Review could mean more moorings in the Norfolk Broads

Moorings at How Hill Moorings at How Hill

Monday, June 30, 2014
11:00 AM

The number of moorings on the Norfolk Broads could be expanded because of increasing numbers of private boats.

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Malcolm Valentine, of the Yare Valley Sailing Club, told Saturday’s annual meeting there was a need for more safety pontoons along the whole of the Broads network. Authority chairman Stephen Johnson told him a working group to assess the provision will meet next month.

Speaking afterwards, Broads Authority chief executive John Packman, (pictured), said there are 63 free 24-hour moorings, and added: “Moorings is becoming more of an issue because the number of private boats has increased, and that is putting pressure on the moorings.” He said the authority was investigating their life-time and replacement costs, and there was a constant juggling act between users who want more moorings, and the limited pot of money. He said some new moorings had been provided with Network Rail money, and the authority was looking at other external funding options.

7 comments

  • There may be more private boats on the Broads, but if you look at the size of some of the hire craft, which are getting larger. We do need more free mooring.

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    SweetKingfisher

    Thursday, July 3, 2014

  • Dear Sir, Your correspondent Martin George and his interview with Dr John Packman completely missed the point. My concern was not about leisure moorings but about the provision of safe moorings for sailing yachts to raise and lower their masts and sails primarily on the lower Bure but also other rivers that feed into Breydon Water. The Environmental Agency in collaboration with the local planning body, the Broads Authority has removed many of the informal fixed pilled moorings on the Lower Bure. As a result there are now no public moorings between Stracy Mill and Great Yarmouth Yacht Station. Consequently there is no longer a safe place for sailing yachts to lower their sails and masts before going through the bridges at Great Yarmouth. Similarly for the reverse procedure, there is no safe place within the inappropriately named Yacht Station or upstream until the Stracy Mill. My argument is simple. Either replace the removed key headings (which won’t happen because of injured pride syndrom) or provide safe floating pontoons near great Yarmouth. These pontoons will allow every sailor moored to them the option of lowering or raising their mast and sails in safety rather battling a 4-8 knot tidal current. These pontoons will be ideal for the less nimble sailors, those who sail single handed or those who do not have the confidence to undertake these tricky operations on the move. I also said at the meeting that safety pontoons were required on the lower Yare at Berney Arms and the lower Wensum at Burgh Castle. The reasons are that getting on and off boats adjacent to high walled moorings was difficult and dangerous because of fast currents. In addition some pontoons are required on Breydon Water for the same reasons but these should be aligned along the length of Breydon Water in a WSW ENE direction in line with the prevailing winds which occur for over 50% of the time during the sailing season. The Yare Valley Sailing Club which you mention, is not a racing club but a cruising club that sails over the whole of the Broads navigation area every year. We are in an ideal position to know the practical problems and keen to assist the BA in their navigation decisions in a positive manner. Of the 45 or so non BA people who attended the meeting you mention 14 were from the YVSC.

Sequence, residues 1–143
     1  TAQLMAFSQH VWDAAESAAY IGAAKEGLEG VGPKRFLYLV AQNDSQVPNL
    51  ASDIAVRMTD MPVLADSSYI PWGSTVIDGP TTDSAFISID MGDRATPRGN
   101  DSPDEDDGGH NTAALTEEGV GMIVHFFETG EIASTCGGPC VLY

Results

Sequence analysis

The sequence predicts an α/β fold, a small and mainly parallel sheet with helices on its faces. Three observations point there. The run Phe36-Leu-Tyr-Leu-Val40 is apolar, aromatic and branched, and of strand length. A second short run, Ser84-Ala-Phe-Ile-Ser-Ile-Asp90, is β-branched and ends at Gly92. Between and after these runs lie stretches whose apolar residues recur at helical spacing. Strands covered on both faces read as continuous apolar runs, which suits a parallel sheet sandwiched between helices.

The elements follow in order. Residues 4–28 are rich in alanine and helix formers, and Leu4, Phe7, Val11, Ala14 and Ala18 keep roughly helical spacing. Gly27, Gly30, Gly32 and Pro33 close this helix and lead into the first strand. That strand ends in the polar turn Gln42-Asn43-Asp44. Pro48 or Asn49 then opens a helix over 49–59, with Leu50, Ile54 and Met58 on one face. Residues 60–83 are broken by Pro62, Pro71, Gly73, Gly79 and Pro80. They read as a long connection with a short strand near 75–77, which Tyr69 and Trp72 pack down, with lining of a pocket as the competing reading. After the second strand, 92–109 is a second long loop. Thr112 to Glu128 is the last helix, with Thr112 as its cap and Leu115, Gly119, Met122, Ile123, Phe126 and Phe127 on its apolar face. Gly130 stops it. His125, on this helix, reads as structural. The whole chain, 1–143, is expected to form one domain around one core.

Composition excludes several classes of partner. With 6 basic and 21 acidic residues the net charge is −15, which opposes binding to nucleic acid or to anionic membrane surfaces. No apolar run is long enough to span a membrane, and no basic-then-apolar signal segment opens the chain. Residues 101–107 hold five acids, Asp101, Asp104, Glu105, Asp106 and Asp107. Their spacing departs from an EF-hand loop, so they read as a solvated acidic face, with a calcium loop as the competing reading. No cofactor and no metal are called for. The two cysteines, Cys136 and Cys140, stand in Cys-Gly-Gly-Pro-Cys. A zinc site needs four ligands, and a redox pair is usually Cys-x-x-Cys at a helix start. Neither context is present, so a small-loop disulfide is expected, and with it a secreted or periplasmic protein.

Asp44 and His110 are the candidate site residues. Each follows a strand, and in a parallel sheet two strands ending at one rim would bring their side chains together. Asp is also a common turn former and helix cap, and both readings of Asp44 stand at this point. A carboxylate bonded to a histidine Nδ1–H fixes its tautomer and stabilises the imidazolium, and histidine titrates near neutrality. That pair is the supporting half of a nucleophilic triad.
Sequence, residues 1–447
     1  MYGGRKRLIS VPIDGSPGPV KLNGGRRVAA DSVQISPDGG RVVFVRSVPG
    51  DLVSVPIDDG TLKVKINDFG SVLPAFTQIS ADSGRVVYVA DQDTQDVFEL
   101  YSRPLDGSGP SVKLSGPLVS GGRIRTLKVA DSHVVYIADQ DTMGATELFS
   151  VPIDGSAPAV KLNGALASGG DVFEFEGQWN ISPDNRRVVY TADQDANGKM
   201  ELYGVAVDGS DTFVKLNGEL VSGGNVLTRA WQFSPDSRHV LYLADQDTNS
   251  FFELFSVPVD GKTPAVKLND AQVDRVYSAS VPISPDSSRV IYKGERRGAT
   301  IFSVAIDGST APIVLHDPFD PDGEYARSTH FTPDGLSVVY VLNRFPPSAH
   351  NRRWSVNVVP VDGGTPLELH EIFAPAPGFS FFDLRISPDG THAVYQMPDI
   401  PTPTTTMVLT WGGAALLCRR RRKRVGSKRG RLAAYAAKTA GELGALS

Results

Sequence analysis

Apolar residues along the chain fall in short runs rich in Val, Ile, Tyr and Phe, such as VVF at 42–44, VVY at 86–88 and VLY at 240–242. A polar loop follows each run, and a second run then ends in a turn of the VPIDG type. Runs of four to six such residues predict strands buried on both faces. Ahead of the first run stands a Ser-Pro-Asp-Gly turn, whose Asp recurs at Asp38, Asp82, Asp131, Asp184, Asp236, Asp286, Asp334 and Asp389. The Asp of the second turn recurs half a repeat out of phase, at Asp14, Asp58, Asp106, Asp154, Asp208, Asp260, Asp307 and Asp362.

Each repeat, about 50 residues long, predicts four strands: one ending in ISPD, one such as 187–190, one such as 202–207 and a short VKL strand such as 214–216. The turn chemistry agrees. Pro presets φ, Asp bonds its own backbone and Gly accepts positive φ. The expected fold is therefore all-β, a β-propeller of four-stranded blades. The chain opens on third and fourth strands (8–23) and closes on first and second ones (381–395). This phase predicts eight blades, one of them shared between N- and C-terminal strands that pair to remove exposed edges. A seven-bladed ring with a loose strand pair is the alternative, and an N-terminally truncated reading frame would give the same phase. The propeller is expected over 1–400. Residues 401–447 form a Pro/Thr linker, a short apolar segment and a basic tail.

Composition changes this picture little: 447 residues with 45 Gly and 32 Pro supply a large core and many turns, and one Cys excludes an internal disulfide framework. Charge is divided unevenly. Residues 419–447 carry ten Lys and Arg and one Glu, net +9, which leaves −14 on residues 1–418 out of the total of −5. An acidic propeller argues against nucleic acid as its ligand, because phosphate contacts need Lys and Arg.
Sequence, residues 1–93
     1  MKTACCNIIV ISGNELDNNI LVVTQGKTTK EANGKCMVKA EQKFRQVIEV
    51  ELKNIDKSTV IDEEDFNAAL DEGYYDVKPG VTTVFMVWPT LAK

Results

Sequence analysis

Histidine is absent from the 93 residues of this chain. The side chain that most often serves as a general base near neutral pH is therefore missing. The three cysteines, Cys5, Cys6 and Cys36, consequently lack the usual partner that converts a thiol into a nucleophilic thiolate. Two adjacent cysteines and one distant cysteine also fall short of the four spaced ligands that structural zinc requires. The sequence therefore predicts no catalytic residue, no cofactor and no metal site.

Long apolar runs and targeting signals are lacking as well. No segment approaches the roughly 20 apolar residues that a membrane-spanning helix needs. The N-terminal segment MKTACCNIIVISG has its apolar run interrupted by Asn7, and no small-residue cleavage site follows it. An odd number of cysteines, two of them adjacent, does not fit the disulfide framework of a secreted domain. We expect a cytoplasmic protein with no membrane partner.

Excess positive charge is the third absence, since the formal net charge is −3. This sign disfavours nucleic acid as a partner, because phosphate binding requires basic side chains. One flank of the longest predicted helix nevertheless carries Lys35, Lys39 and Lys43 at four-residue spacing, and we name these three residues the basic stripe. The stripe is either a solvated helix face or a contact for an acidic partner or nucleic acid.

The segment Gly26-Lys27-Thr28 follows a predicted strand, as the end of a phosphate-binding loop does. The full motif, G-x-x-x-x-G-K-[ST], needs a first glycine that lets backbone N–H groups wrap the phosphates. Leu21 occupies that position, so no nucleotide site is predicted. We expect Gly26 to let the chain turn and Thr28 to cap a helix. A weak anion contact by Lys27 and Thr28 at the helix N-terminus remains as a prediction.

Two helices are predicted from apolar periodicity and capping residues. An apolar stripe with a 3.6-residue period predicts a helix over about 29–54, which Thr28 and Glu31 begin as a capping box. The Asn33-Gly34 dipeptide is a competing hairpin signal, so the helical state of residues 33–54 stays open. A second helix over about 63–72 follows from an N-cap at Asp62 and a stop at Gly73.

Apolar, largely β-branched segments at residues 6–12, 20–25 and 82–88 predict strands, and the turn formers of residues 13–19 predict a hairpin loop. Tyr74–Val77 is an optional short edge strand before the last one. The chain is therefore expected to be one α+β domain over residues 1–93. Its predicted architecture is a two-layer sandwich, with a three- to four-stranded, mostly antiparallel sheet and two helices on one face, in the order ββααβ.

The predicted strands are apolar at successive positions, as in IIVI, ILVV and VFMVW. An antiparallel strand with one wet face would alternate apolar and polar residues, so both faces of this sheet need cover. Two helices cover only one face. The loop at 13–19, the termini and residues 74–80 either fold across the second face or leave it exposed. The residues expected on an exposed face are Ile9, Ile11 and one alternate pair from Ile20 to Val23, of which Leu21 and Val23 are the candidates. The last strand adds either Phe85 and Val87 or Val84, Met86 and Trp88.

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    Malcolm Valentine

    Wednesday, July 2, 2014

  • more moorings would be very welcome , great news

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    Susan Collard

    Tuesday, July 1, 2014

  • Two points here, it wasn't entirely the Broads Authority that messed up good moorings, more that it was down to the Environment Agency. Secondly 'civilised' moorings, we are talking moorings in the natural environment, do we need everything urbanised? Granted that more moorings would be appreciated but need they be over the top as some undoubtedly are? I'm not a great fan of the Authority but they shouldn't have to shoulder the entire blame. We now live in a 'compo' age thus moorings will be lost as landowners attempt to avoid potential 'compo' claims.

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    peter waller

    Tuesday, July 1, 2014

  • It's not a question of mains power points; it's a matter of civilised moorings suitable for all ages, rather than a dangerous scramble up a slippery bank.

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    The man on the Clapham Omnibus

    Tuesday, July 1, 2014

  • Perhaps, more to the point, people should be weaned off mains power points and encouraged to use 'natural' moorings as was always the way in days gone by.

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    peter waller

    Tuesday, July 1, 2014

  • I agree that moor mooring are required. Some of the reasons is because the Broads Authority have closed 100's of feet along some banks like Fleet dyke, River Bure from Saint Bennets towards Thurne mouth just to mention a couple. Fleet dyke was very popular with fishermen and boaters alike, but that has now gone. "Wild moorings" have always been popular with boaters for the quiet and easy to moor places. Ideal for wild life watching, fishing, dog walking etc. So come B A get your act together and replace what was there before YOU messed up.

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    paul sergent

    Monday, June 30, 2014

The views expressed in the above comments do not necessarily reflect the views of this site

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